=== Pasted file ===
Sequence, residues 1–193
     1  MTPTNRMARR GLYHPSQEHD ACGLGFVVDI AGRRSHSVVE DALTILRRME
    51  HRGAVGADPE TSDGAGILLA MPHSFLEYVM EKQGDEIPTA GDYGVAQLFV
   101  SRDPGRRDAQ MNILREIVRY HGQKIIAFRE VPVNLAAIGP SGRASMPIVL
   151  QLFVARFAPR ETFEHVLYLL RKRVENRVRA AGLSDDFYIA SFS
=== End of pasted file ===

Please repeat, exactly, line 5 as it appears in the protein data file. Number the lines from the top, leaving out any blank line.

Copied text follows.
   151  QLFVARFAPR ETFEHVLYLL RKRVENRVRA AGLSDDFYIA SFS